Friday, May 11, 2012

My Review of THE STORYTELLING ANIMAL by Jonathan Gottschall

“We are, as a species, addicted to story. Even when the body goes to sleep, the mind stays up all night, telling itself stories.”

People have been telling stories and listening to stories since humanity has existed. We’re moved by them, entertained by them, and often find meaning for life’s occurrences through them. Everywhere you look, you find stories. From the books we read, to the gossip people tell, to the movies and television shows we watch, to the news programs that fill us in on the world’s events, and finally to the world’s most famous and lasting religious texts, humanity is pulled toward story. Not only that, but people are often bound by a common story that defines them. This is especially true in the world’s religions. Each religion, or even no religion, has a story to tell about the world’s origins and what life is for. People are often united by the common story that defines their existence.

But why are people so drawn to stories? Jonathan Gottschall tries to tackle that question in his new book THE STORYTELLING ANIMAL. Drawing together findings from science and psychology, Gottschall shows how ingrained in us is the need for stories and storytelling. He shows how far-reaching story is to the world we live in, using examples such as a criminal trial being a “story contest.” Lawyers are trying to paint a story that convinces a jury of a person’s guilt or innocence. It’s not just presenting cold-hard facts, but weaving a tale that influences the way people think. Another example is the way journalism often communicates information in a story-like way.

So consumed by story are we that even when we sleep at night, our minds are relentlessly creating stories in our dreams. Gottschall also shows that storytelling is an inherent instinctual behavior. Children don’t have to be taught to pretend and live in the midst of story. They just do it. Even more interesting is the evidence that stories aren’t really an escapist activity. Stories involve trouble. In fact, most stories involve more trouble than people often experience in real life. Nobody wants trouble in real life, but it’s the thing we run to in our imaginations. Why do we do that?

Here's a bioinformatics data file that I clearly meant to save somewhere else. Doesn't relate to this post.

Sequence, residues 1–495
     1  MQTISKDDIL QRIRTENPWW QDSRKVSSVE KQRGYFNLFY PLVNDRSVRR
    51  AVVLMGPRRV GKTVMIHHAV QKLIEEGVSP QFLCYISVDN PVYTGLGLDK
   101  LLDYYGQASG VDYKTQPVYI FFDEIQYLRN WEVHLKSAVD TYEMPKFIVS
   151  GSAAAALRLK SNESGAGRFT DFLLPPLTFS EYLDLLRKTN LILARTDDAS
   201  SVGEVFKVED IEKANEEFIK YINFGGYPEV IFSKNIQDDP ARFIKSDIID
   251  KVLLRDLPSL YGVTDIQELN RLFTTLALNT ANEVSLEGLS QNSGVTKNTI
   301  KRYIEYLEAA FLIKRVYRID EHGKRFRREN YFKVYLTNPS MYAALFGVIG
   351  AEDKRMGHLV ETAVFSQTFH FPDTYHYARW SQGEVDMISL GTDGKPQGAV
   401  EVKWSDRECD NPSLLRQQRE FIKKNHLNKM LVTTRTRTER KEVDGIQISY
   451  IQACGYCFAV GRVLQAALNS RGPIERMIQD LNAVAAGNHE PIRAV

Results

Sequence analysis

Gottschall presents some ideas that stories may help people deal with problems in real life as a type of simulated practice. He also shows how stories serve to influence and shows how it seems that stories are meant to motivate us live better and behave better.

The book comes from the perspective of evolution with story as something that has helped humanity to evolve throughout history. I’m not an evolutionist, so I can’t appreciate everything about the book. What Gottschall calls evolutionary processes, I call divine intelligence, so there’s still an incredible amount to learn from the book. I did appreciate the discussion on religion in the book since my defining story is the one that God created the universe.

THE STORYTELLING ANIMAL is a great book for anyone, but I especially appreciated it as a writer and a storyteller because helps shape how I approach story and what I hope to accomplish in people’s lives through story. The only other disclaimer I have is that the book can get a little vulgar at times. Despite that, there’s much to learn from this book about the role of storytelling in our world.

I received this book for free for review from Houghton Mifflin Harcourt

No comments:

Post a Comment